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Integrating with units

  1. Mar 7, 2010 #1
    hello, I'm new to the forums. Can someone help me with integrating kinematics problems? For example velocity= Be^(-rt), where B= 3.00 m/s and r=0.500 s^-1. i dont understand how the integral's unit becomes m (since the integral of velocity is displacement). someone help me! thanks
  2. jcsd
  3. Mar 8, 2010 #2


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    You forgot the unit of "t". "rt" is a dimensionless number. Velocity has the unit of "m/s", and if you integrate in respect to "t" you have to multiply this unit by "s".
  4. Mar 8, 2010 #3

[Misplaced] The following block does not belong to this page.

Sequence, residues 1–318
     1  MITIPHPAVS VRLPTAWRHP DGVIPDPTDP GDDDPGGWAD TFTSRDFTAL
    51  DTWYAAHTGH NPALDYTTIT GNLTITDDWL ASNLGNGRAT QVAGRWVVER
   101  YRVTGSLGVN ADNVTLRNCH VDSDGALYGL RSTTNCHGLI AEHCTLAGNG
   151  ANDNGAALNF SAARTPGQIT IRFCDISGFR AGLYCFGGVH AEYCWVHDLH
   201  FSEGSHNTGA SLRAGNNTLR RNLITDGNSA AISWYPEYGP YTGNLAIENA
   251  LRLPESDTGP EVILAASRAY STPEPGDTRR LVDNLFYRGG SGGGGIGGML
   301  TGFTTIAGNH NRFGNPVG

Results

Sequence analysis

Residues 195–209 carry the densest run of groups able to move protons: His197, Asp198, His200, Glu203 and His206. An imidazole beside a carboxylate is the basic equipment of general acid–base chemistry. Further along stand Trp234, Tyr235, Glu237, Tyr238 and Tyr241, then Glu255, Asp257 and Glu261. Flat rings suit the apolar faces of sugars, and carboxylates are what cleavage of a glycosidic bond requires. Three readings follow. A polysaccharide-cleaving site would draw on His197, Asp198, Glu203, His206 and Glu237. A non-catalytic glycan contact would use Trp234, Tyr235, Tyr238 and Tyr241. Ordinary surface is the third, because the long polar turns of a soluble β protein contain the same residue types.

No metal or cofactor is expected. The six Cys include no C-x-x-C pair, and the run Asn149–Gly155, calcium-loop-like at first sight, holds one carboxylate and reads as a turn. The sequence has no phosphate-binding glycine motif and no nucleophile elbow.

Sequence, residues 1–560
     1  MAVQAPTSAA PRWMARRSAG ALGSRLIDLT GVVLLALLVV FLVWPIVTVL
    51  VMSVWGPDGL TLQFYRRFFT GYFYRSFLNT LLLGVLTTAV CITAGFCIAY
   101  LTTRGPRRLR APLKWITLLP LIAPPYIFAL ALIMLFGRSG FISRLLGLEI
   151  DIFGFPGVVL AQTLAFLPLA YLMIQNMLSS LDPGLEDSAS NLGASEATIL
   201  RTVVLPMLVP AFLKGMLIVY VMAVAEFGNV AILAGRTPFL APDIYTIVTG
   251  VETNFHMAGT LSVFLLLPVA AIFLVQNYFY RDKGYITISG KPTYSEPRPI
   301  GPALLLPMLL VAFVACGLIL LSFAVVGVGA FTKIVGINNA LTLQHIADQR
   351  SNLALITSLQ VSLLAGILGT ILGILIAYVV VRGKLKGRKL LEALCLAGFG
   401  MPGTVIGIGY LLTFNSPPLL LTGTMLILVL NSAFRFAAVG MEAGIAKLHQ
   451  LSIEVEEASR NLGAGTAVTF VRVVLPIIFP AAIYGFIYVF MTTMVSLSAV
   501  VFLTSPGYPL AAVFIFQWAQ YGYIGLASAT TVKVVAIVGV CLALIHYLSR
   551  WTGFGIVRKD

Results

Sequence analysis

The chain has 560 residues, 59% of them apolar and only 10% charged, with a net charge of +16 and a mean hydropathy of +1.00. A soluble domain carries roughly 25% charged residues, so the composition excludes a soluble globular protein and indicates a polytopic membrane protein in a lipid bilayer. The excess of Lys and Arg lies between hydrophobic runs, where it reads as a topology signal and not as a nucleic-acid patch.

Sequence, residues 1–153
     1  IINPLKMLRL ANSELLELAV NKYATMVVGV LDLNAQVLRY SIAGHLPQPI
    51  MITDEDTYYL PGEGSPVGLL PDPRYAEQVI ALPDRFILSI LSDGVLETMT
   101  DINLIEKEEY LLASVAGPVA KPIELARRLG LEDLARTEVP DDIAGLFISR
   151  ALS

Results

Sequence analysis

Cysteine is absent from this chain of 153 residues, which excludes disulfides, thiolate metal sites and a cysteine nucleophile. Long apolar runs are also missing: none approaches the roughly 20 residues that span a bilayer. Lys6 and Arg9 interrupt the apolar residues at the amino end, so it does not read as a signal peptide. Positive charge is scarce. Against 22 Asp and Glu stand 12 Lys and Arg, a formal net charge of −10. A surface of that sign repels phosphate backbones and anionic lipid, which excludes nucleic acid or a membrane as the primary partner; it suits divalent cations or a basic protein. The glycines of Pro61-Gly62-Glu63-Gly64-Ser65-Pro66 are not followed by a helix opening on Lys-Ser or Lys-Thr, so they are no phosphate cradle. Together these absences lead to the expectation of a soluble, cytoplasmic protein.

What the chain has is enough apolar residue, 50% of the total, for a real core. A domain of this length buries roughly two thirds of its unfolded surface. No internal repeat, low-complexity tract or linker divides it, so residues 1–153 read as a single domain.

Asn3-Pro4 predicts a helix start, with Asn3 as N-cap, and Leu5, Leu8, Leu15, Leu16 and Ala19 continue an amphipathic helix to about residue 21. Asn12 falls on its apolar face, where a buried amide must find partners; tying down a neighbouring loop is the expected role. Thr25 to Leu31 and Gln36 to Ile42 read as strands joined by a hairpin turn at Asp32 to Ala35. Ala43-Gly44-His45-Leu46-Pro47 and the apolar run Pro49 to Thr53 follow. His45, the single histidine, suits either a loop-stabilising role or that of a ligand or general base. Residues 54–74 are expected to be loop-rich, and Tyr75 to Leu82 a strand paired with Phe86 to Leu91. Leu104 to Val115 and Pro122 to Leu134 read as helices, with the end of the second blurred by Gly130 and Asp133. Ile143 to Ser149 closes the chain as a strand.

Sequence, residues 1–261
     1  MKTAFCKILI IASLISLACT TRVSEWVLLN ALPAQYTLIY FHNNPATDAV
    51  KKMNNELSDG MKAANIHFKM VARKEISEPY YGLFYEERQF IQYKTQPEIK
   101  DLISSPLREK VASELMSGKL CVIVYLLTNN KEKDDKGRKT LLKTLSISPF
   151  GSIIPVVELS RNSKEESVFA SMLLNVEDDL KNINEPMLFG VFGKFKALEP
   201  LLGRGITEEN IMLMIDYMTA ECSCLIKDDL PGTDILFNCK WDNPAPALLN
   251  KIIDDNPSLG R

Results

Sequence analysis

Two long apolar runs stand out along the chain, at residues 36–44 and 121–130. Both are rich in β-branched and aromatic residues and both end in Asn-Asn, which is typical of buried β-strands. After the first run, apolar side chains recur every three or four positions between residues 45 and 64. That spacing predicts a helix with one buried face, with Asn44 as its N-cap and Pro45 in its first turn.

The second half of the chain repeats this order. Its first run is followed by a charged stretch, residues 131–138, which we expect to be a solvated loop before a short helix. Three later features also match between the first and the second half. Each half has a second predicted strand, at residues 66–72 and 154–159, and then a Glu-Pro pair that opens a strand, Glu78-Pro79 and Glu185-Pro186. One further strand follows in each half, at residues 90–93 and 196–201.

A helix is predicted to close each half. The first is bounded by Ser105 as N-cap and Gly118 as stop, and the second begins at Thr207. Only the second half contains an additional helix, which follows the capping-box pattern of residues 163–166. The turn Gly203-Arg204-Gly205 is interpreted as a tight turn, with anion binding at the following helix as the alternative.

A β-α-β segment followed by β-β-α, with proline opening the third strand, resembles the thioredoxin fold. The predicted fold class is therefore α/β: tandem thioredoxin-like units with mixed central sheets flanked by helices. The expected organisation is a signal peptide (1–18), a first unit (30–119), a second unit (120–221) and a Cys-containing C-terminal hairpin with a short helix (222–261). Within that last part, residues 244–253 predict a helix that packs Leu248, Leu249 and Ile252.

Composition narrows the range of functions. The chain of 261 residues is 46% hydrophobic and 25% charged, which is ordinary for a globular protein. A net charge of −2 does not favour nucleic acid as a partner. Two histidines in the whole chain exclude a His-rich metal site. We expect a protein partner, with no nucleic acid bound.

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    [tex]\int B e^{rt} \mathrm{d}t = \frac{B}{r} e^{rt}[/tex]
    On the left, you have B (m/s) times dt (s), giving units of meters; on the right, B (m/s) divided by r (1/s), again giving meters. As A.T. said, the exponential part is dimensionless.
  5. Mar 8, 2010 #4
    yes, i figured it out. "t" is in seconds which makes e^-rt dimensionless (since s^-1 * s = 1). thanks for the help.
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